Frequency of Office Visits
The closer you get to your due date, the more frequently your
healthcare provider will need to see you. Through your sixth
month, appointments will be scheduled every 4 weeks. Then,
plan to go to the office every 2 weeks during the seventh and
eighth months and every week during that last important month.
These visits will take less time than your initial exam but are just as
important to make sure your pregnancy is progressing well.
Discuss Your Stresses
If you have special circumstances like single motherhood or if you
are considering adoption alternatives, talk about these issues at
your initial appointment. Your healthcare provider may be able to
help with suggestions and references.
By being open and honest
with your healthcare provider, they will be able to better help you,
and you should have fewer problems during your pregnancy.
Choosing a Pediatrician
By the time you complete your hospital pre-admission form, you should have selected a pediatrician who will see your
baby in the nursery and will be your baby’s provider after you leave the hospital. Your pediatrician’s full name, address
and telephone number must be submitted as part of the pre-admission information. Choosing a pediatrician is a very
important decision since this is the person who will be caring for your child.
This person will also be giving you advice about many issues regarding your baby’s health. If a different physician
will be checking your baby in the hospital, bring that information along as well. It is important to make sure that the
healthcare provider is on your list of “providers,” if you have an insurance plan that has a preferred provider list. If you
have Medicaid, your caseworker or the Health Department can give you a list of healthcare providers.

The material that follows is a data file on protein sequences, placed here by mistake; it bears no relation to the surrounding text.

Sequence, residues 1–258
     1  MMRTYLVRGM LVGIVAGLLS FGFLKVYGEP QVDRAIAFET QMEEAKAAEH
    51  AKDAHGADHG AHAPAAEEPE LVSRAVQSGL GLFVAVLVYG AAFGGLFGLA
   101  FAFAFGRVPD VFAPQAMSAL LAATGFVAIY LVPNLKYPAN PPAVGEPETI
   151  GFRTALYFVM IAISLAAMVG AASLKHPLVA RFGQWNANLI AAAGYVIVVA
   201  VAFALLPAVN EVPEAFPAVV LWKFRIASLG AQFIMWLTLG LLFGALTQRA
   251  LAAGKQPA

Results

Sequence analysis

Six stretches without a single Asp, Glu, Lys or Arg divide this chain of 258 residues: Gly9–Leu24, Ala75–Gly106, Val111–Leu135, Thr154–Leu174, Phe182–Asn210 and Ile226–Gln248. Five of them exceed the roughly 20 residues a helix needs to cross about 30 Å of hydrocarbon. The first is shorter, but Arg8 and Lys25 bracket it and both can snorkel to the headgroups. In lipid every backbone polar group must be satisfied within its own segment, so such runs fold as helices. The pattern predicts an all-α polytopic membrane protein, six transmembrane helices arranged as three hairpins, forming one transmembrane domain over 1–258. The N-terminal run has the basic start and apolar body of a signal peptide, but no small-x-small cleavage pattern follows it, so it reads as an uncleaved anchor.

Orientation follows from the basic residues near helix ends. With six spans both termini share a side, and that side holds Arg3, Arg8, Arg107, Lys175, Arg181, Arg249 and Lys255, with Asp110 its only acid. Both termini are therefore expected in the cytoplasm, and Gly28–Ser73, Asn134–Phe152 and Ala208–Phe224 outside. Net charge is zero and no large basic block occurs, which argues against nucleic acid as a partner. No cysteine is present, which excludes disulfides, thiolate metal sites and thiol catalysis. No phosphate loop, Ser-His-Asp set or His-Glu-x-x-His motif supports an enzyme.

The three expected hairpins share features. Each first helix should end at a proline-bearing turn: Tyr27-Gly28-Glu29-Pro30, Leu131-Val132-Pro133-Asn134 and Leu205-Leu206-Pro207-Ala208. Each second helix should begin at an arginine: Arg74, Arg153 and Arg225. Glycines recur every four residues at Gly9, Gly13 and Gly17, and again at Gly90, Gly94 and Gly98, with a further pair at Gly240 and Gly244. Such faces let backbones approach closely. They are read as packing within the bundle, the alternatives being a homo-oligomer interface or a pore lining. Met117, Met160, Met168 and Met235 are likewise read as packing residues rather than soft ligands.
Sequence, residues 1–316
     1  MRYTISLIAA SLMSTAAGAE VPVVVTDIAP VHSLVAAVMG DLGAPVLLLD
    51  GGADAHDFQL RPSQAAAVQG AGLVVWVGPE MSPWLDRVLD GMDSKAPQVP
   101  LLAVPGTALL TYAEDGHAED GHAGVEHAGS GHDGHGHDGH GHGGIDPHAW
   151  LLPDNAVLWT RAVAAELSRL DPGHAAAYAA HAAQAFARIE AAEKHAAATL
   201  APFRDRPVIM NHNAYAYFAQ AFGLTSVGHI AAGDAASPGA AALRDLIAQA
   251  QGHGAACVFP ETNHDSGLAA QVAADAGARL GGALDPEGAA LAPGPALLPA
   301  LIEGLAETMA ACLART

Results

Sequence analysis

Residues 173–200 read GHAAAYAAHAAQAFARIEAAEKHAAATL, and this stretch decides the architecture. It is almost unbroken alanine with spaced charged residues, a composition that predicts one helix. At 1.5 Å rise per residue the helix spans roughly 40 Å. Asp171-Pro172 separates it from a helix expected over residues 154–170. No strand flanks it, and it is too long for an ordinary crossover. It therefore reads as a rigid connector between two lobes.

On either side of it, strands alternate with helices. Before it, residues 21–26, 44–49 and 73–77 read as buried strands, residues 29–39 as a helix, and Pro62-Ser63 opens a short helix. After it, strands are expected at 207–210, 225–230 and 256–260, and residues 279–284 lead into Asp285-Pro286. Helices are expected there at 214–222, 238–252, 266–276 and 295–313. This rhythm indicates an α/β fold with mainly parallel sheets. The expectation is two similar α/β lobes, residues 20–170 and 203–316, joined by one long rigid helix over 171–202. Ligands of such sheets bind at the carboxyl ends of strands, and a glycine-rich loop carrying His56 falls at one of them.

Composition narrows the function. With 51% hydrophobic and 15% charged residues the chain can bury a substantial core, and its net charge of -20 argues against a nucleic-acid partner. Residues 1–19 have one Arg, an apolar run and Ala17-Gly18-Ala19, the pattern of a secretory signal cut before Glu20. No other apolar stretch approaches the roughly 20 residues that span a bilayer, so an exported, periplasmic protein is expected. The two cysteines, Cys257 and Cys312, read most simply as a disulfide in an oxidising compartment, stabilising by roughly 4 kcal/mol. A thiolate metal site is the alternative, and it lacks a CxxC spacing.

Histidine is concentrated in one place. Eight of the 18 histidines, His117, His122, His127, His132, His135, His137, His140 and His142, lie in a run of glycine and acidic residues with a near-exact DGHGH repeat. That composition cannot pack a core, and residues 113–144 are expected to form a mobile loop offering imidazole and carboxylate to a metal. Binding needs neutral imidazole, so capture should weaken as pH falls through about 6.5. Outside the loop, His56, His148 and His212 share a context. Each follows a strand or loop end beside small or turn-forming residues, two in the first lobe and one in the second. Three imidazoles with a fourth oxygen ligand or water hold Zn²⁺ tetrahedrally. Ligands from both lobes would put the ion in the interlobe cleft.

The following list contains questions you might want to ask as you interview for a pediatrician or healthcare provider:
• What hospital do you use?
• Can you describe your care plans for my baby during
the first year?
• How do you feel about breastfeeding?
• What is your opinion on circumcision?
• What pamphlets and reading materials does your
office supply regarding care for my baby?
• If you are a partner in a group practice, do other
members of the group share your philosophy?
• What arrangements are made for emergency
treatments during and after office hours?
• What arrangements are made to return phone calls
during the weekday, weekend and after hours?
• What are your fees for a scheduled routine visit and
• When do I introduce my baby to solid foods?
• How soon will you see my baby after birth?
• How do you feel about prescribing medication over
• Do you use nurse practitioners or lactation consultants?
After the interview, spend some time with your partner thinking about the visit. Were your questions answered and did
you establish a relationship that made you comfortable with that healthcare provider? Remember, the pediatrician you
choose is being entrusted to care for the physical and emotional well-being of your child for at least the next 18 years.